SPECIAL REPORT: EPA issues SCR engine guidance to suppliers

WASHINGTON — Those engine manufacturers that have declared selective catalyst reduction (SCR) is the way to go in meeting the tough 2010 EPA engine emission requirements have been handed a blueprint to get the technology certified.

In a guidance sent to engine makers last week, the Environmental Protection Agency has mapped out how it expects suppliers to prove they can overcome concerns regarding availability of a “reducing agent” for SCR systems, as well as keeping drivers from operating trucks with empty reducing agent tanks.

Already in use there, SCR is a common
emissions solution in Europe.

SCR — the system used in Europe for meeting emission standards, and also declared as the 2010 solution of choice by Freightliner and Volvo on this side of the pond– is of interest to diesel manufacturers because of its ability to achieve as high as 90 percent NOx conversion efficiencies. An SCR system uses a nitrogen containing reducing agent (usually urea or ammonia) injected into the exhaust gas upstream of the catalyst. The reducing agent needs to be periodically replenished. Without that process, the efficiency of the SCR catalyst drops to zero and NOx emissions can increase substantially beyond EPA’s standard.

“Most SCR system designs rely on storing reducing agent in a tank located on the vehicle and on the vehicle operator taking responsibility for refilling the tank,” states the EPA guidance, obtained by TodaysTrucking.com. “This means that the vehicle operator has to be made aware that reducing agent needs to replaced. Without a mechanism to inform the vehicle operator, and without a readily available source of replacement, there is a high likelihood that the (emission standard will) exceeded on vehicles in use.”

To prove their SCR systems will not run out of reducing agent while on the road, the EPA is requiring engine makers to work with truck OEMs on the following:

Driver Warning Systems: Visual and audible alarms informing the vehicle operator that reducing agent level is low and must soon be replenished should be a priority for suppliers, says EPA. “The warning system would need to escalate in intensity as the reducing agent level approaches empty, culminating in driver notification that cannot be defeated or ignored, and cannot be turned off without replenishment of the reducing agent.”

Driver Inducement: While in-cab warning systems should prove effective, EPA wants suppliers to have back-up systems in place in case a driver still attempts to operate the vehicle without proper urea replenishment.

A “No-Engine Restart after Restart Countdown” approach, for example, allows a limited number of restarts once the reducing agent reaches a certain minimal level of miles before the vehicle is unable to restart. A “No-Start after Refueling” system has the vehicle unable to start after refueling below a certain level. Lastly, a “Fuel-Lockout” approach would ‘lock out” the fuel filler system, preventing the user from being able to refuel after the reducing agent range drops below a certain level.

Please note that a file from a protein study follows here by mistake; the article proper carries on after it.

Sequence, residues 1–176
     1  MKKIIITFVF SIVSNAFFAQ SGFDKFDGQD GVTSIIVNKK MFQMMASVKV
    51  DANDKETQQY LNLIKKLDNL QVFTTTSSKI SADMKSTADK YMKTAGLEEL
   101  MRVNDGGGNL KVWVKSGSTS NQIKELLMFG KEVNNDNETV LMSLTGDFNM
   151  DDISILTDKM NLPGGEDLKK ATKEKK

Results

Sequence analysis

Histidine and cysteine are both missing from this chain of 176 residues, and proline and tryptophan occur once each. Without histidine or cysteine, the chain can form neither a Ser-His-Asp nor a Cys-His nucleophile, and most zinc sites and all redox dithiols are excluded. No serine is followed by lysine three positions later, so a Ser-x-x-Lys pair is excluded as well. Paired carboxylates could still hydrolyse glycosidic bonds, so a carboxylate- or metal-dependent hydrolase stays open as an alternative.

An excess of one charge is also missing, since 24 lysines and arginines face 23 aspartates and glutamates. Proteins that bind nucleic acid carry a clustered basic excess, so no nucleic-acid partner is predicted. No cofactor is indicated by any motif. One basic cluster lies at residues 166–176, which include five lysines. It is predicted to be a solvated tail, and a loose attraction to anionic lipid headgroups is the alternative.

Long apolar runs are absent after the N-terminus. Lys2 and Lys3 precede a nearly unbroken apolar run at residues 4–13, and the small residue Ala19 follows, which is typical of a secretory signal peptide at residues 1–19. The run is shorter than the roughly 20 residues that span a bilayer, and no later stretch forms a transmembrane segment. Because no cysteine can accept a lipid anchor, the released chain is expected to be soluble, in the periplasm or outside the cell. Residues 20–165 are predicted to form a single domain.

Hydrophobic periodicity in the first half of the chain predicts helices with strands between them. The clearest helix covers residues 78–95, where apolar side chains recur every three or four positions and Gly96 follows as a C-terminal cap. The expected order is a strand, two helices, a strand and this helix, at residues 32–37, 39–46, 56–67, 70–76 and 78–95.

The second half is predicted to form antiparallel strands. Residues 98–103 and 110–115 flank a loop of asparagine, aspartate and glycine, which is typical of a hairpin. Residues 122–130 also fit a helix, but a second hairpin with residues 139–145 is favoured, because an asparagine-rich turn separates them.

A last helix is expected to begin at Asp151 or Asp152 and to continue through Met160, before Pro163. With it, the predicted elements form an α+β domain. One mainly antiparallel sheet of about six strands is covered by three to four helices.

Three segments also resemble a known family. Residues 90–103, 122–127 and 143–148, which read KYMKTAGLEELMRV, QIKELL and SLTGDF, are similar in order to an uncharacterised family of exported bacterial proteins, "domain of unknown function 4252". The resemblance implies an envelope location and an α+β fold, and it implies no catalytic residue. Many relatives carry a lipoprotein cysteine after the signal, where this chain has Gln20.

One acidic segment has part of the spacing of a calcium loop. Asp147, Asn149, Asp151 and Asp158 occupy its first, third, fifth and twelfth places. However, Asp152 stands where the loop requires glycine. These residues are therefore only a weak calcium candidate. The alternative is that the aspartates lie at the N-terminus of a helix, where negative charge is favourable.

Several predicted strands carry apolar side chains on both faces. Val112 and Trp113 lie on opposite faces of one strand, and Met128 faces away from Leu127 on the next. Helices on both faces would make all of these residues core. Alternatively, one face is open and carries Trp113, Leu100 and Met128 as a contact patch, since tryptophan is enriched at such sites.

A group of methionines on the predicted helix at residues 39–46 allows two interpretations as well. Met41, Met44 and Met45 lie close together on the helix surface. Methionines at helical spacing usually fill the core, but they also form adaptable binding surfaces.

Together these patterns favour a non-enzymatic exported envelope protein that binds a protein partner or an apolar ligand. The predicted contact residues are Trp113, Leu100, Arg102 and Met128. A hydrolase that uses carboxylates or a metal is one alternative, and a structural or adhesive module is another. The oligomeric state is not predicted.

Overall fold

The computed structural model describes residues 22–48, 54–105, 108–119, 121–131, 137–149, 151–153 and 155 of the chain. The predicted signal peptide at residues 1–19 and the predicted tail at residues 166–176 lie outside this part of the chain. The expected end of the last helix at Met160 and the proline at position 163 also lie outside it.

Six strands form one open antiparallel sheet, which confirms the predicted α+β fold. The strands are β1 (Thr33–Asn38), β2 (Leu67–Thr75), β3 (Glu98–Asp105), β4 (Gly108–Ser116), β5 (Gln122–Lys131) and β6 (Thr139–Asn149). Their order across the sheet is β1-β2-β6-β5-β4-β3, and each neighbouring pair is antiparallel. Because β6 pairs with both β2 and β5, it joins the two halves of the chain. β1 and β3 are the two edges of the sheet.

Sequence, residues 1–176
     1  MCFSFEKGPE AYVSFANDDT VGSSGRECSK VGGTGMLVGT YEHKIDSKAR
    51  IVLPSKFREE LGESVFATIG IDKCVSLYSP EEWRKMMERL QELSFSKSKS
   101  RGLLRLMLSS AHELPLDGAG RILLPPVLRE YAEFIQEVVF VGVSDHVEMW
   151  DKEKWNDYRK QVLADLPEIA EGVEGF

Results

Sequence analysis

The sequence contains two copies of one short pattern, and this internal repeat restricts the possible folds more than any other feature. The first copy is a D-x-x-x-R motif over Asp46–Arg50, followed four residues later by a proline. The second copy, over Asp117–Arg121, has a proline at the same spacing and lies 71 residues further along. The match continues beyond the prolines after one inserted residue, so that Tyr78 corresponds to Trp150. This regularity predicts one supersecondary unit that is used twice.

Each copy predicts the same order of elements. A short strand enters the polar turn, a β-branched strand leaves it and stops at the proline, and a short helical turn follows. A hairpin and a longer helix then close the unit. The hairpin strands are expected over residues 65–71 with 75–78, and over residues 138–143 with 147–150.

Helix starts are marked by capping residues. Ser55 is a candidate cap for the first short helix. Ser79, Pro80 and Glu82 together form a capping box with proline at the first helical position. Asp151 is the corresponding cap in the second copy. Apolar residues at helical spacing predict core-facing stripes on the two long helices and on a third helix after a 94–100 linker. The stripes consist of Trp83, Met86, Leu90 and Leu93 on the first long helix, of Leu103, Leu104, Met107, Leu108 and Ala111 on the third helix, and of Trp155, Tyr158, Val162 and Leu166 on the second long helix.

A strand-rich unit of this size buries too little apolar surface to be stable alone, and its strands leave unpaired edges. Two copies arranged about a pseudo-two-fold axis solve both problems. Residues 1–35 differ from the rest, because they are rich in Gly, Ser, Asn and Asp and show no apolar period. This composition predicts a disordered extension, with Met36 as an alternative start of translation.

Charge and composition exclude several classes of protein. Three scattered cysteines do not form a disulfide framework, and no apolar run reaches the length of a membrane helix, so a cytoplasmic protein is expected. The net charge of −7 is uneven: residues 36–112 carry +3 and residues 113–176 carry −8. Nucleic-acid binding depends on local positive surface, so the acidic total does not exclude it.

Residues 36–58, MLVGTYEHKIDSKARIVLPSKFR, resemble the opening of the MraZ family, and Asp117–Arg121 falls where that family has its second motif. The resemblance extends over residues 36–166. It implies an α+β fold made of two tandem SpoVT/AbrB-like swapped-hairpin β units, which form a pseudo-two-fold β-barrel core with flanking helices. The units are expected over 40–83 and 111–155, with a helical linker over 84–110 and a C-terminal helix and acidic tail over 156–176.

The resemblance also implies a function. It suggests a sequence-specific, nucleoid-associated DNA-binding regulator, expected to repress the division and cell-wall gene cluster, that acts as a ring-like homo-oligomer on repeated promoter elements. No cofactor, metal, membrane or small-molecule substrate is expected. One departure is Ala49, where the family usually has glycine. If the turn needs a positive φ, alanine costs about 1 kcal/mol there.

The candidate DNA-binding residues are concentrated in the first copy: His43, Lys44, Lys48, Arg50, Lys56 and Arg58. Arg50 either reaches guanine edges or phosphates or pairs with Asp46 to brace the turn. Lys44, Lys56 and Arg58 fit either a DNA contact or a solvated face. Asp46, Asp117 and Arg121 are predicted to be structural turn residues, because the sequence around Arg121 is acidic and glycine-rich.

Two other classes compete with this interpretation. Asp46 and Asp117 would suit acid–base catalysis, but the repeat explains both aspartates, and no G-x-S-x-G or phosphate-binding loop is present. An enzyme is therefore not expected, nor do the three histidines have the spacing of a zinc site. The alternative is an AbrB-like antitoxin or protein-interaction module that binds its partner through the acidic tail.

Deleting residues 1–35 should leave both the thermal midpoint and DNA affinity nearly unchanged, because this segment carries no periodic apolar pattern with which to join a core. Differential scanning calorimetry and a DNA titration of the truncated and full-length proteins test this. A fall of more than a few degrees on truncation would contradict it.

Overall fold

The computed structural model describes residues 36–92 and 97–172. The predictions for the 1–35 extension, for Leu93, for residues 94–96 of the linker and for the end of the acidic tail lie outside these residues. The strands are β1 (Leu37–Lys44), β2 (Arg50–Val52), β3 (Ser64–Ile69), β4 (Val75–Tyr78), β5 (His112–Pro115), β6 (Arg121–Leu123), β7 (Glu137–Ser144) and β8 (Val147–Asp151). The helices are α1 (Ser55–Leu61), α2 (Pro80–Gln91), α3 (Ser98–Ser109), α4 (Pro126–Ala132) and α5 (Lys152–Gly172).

Because of limited size of urea tanks, the EPA wants OEs
to make sure truckers can replenish while out on the road.

“Systems such as these can all operate while some reducing agent remains in the storage tank, thus ensuring emissions controls during all vehicle operation times,” EPA states.

Another way to make sure drivers are adding urea when needed is to “have vehicle performance degraded in a manner that would be safe but would be onerous enough to discourage the user from operating the vehicle until the reducing agent tank was refilled.”

Most importantly, the system must be able to identify and appropriately respond to a situation when the storage tank is filled with a fluid other than the manufacturer-specified reducing agent, or when diluted with water. NOx sensors or urea sensors, therefore, would also need to be included.

Meanwhile, a long-held concern by some in the trucking industry is that North America doesn’t have the proper urea-fuelling infrastructure in place to meet SCR’s replenishing demands.

To make sure urea or reducing agent is available to all truckers on the road, “it is important to ensure that SCR vehicle operators have opportunities to go beyond a specific OEM network,” says EPA.

The enviro-agency suggests manufacturers supply their dealers with the reducing agent. Also, either individually or as part of a collective effort, OEMs should supply truckstops and similar facilities with reductant.

Furthermore, manufacturers should provide “a back-up plan,” such as a toll-free phone number, that customers can call and have reducing agent delivered overnight if they are unable to obtain it from a dealership or other convenient source.

Besides, Freightliner and Volvo — whose head offices or parent companies are in Europe — other North American manufacturers such as International, Paccar, and Cummins have not yet thrown their support behind SCR.

Caterpillar, which went with its own ACERT technology instead of EGR in 2002, has expressed several times in the past that SCR is not a viable solution for its 2010 emission goals.

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